# Concrete Introduction to Trigonometry

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Are you sitting in a room? Just look across. Do you see a wall? Let's say this can be represented like the image to the side. If I ask you to measure the height, how can you do it? Which is easier to measure? The length or the height? It's the

Obviously it's the length because it is on the floor. You can use a tape or just measure with your feet. But how can you climb up a wall to measure the height. We need better tools and methods to measure heights of tall things like mountains or buildings.

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Now, please draw a line from "Person" point to "Wall Bottom" point.

Next draw a line from "Person" point to "Wall Top" point .

What do you see? It's in the shape of a

Very good. As you can see triangles are every where Now let's see what else we can deduce. We can see that length of the floor is 6 cm and when the person look up at the ceiling his eyes make a 45^{o} angle. We also know that the angle between the wall and the floor is

So, we have a right angle triangle and one of it's angle is 45^{o}. That makes this an **And from the properties of right angle isosceles triangles we know that opposite side = adjacent size.** In our scenario we see that the adjacent side(floor) length is 6 cm. So the opposite side(height) should be

Congratulations! By observing that we have a triangle shape in the real world and using our knowledge of triangles we were able to calculate the height of the wall without climbing it. Let us now move onto a formal introduction to Trigonometry. .

Let us take some examples from our surroundings where right triangles can be imagined to be formed. For instance : .

1. Suppose the students of a school are visiting Qutub Minar. Now, if a student is looking at the top of the Minar, a right triangle can be imagined to be made, as shown in figure. Can the student find out the height of the Minar, without actually measuring it?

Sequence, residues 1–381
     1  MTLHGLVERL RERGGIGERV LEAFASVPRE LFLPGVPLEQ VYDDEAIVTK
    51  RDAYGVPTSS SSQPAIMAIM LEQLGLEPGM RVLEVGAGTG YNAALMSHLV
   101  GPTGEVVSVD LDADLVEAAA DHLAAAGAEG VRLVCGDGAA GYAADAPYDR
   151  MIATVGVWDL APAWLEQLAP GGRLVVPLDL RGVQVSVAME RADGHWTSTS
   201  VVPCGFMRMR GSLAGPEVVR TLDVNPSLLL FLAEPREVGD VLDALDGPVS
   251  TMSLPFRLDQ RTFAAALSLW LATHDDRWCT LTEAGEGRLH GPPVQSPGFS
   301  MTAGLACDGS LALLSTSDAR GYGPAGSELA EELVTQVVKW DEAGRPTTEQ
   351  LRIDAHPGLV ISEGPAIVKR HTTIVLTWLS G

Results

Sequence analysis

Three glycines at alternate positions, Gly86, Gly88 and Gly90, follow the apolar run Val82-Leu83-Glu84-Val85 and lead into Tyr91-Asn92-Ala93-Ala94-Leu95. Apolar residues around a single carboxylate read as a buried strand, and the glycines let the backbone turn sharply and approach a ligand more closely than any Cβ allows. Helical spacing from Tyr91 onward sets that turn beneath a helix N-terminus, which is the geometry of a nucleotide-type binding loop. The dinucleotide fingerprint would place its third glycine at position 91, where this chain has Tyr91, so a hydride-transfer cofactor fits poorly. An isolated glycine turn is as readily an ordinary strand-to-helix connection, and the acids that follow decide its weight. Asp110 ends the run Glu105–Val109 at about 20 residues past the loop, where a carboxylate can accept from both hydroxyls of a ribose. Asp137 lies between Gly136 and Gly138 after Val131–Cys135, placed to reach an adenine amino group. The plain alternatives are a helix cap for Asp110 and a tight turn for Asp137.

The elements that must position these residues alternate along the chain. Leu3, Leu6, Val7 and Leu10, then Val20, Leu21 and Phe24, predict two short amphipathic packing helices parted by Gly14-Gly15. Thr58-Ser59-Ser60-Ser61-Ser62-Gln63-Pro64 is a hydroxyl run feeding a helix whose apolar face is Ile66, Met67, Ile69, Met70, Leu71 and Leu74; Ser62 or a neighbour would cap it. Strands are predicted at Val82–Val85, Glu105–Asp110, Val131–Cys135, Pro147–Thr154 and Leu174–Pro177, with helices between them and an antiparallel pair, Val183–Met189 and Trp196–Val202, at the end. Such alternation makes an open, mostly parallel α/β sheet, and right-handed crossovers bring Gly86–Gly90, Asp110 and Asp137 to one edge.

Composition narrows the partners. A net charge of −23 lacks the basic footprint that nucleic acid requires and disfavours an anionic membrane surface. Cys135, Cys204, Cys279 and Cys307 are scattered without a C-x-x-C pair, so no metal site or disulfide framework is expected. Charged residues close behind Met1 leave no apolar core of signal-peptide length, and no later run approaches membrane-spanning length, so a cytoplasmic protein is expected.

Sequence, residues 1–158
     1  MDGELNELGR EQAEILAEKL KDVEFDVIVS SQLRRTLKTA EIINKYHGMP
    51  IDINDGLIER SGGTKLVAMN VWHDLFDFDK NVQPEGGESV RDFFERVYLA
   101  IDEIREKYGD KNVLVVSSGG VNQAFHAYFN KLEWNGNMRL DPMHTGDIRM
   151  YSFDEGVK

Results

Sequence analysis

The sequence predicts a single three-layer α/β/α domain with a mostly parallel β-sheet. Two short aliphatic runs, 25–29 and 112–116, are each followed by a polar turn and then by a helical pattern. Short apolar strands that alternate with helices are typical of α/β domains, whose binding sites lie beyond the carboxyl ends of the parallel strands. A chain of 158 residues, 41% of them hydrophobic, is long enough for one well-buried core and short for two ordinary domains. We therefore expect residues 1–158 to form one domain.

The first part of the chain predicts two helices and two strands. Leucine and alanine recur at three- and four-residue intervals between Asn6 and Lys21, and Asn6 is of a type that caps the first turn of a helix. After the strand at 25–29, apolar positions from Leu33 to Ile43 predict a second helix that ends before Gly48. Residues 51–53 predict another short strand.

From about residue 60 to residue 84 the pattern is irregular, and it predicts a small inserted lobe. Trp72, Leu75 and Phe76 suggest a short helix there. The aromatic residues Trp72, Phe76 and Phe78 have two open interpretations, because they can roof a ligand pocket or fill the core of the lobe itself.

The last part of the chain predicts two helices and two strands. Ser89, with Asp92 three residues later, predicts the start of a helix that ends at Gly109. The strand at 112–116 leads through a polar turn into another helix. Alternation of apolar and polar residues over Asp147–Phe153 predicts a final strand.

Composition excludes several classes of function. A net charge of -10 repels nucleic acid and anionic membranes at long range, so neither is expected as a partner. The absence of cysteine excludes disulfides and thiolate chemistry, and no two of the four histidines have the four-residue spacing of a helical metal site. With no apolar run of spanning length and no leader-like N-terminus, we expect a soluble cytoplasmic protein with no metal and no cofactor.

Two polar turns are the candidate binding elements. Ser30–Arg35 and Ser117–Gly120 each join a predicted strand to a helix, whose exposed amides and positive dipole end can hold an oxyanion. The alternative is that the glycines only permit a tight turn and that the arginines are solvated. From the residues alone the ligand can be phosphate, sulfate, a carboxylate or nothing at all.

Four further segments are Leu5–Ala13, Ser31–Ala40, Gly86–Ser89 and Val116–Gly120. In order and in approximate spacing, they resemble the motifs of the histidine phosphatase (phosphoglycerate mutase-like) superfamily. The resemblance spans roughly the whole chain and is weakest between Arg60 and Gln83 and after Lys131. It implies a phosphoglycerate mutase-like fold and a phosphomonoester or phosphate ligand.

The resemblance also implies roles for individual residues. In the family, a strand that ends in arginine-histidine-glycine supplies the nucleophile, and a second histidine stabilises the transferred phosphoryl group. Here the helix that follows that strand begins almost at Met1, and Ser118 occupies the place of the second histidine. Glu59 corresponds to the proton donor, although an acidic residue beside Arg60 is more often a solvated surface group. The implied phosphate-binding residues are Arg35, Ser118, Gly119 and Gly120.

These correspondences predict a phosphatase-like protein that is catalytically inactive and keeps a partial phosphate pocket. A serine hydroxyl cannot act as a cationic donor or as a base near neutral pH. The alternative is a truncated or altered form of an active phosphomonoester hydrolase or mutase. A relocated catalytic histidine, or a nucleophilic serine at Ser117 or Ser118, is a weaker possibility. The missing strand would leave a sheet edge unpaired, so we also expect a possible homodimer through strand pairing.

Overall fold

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- Suppose a girl is sitting on the balcony of her house located on the bank of a river. She is looking down at a flower pot placed on a stair of a temple situated nearby on the other bank of the river. A right triangle is imagined to be made in this situation as shown. If you know the height at which the person is sitting, can you find the width of the river?

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- Suppose a hot air balloon is flying in the air. A girl happens to spot the balloon in the sky and runs to her mother to tell her about it. Her mother rushes out of the house to look at the balloon.Now when the girl had spotted the balloon intially it was at point A. When both the mother and daughter came out to see it, it had already travelled to another point B. Can you find the altitude of B from the ground?

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In all the situations given above, the distances or heights can be found by using some mathematical techniques, which come under a branch of mathematics called ‘trigonometry’. **The word ‘trigonometry’ is derived from the Greek words ‘tri’ (meaning three), ‘gon’ (meaning sides) and ‘metron’ (meaning measure).**

In fact, **trigonometry is the study of relationships between the sides and angles of a triangle**. The earliest known work on trigonometry was recorded in Egypt and Babylon. Early astronomers used it to find out the distances of the stars and planets from the Earth. Even today, most of the technologically advanced methods used in Engineering and Physical Sciences are based on trigonometrical concepts.

In this chapter, we will study some ratios of the sides of a right triangle with respect to its acute angles, called **trigonometric ratios of the angle**. We will restrict our discussion to acute angles only. However, these ratios can be extended to other angles also. We will also define the trigonometric ratios for angles of measure 0° and 90°. We will calculate trigonometric ratios for some specific angles and establish some identities involving these ratios, called **trigonometric identities**.